recipe: Eat your beets and level up
Kim Bayer | AnnArbor.com Contributor
In my household, I usually get to have the beets to myself — except that this year the squirrels in my yard ate every single one of the Detroit Dark Red beets I planted. I'd come outside and find a squirrel on top of the fence gnawing on a red globe and looking at me like "Yah, what are you going to do about it?" In the morning I'd find empty spots where beets used to be, and a pile of dead leaves.
Luckily, beets are at the farmers' markets now — all the red, white, pink and golden beets I want.
I'm aware that not everyone loves beets the way I do. They have an intensity that not everyone can handle. Beets taste like the earth, and I happen to love that. They're one of the superheroes of the vegetable world. When I'm eating a sweet, earthy beet, I feel like I'm getting an energy packet that is leveling up all my micro-nutrients.
Some people say beets taste like dirt and they can't get over that. My answer is: Beet Caviar, one of the best beet dishes for the beet-curious.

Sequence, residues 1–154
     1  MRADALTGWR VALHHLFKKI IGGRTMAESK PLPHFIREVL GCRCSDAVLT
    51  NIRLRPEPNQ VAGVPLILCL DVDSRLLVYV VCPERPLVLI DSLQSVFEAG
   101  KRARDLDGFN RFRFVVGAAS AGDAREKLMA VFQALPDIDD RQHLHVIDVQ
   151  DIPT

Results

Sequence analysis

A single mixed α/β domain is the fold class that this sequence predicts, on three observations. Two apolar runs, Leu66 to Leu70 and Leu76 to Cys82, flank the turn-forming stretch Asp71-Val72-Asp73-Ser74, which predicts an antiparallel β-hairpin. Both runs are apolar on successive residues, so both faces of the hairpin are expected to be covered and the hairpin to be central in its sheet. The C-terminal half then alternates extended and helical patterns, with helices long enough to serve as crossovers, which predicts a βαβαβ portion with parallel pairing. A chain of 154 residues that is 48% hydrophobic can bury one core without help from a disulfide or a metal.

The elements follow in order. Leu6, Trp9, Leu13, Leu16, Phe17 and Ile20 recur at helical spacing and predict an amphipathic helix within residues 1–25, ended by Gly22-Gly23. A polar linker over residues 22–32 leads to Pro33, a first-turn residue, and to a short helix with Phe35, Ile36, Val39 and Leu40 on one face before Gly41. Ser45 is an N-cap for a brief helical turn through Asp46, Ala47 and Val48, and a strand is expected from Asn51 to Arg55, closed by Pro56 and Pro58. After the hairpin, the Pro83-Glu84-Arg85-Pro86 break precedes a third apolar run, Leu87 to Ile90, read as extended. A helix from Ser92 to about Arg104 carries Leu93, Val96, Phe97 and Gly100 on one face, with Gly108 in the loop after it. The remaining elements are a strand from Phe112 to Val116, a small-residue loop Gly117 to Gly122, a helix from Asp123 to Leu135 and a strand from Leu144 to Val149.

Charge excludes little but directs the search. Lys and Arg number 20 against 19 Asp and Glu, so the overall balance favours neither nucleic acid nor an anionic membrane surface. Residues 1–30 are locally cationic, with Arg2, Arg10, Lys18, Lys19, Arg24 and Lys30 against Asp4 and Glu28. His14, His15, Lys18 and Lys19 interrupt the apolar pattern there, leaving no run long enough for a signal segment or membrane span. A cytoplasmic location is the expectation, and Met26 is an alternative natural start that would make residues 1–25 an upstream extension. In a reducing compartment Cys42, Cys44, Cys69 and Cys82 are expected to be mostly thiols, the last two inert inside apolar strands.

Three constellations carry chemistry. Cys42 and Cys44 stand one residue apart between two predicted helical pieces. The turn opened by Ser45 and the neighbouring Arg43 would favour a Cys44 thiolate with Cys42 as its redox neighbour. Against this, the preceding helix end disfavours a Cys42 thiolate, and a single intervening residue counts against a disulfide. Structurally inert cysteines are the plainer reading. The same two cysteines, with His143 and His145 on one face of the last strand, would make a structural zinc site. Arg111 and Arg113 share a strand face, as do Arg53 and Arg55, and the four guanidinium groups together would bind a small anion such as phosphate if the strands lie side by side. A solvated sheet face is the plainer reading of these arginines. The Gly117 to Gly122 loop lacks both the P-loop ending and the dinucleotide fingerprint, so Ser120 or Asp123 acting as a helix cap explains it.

Beet Caviar was introduced to me by Cathy King of Frog Holler Organic Farm. Cathy is one of the finest beet-growers on the planet today and if she says something is good, I listen. I have seen many confirmed beet-haters turn toward the path of righteousness after eating beet caviar. It's good on crackers. And even my husband likes it — though maybe not as much as Chocolate Beet Cake.
2-3 large beets (or 1 bunch any size beets) roasted, cooled, and skins removed
1-2 large cloves garlic (Cathy's recipe suggests up to 4 cloves of garlic!)
1/2 cup walnuts
1/4 cup mayonnaise
Salt and pepper
1-2 tablespoons rice vinegar or lemon juice
Grind up the walnuts in a food processor together with the garlic. Add cooked beets and process until well chopped. Add mayo, salt and pepper and grind to a paste. Usually when I make this I need to add a little vinegar to balance the sweetness of the beets — try adding a bit of vinegar or lemon juice until it tastes right to you.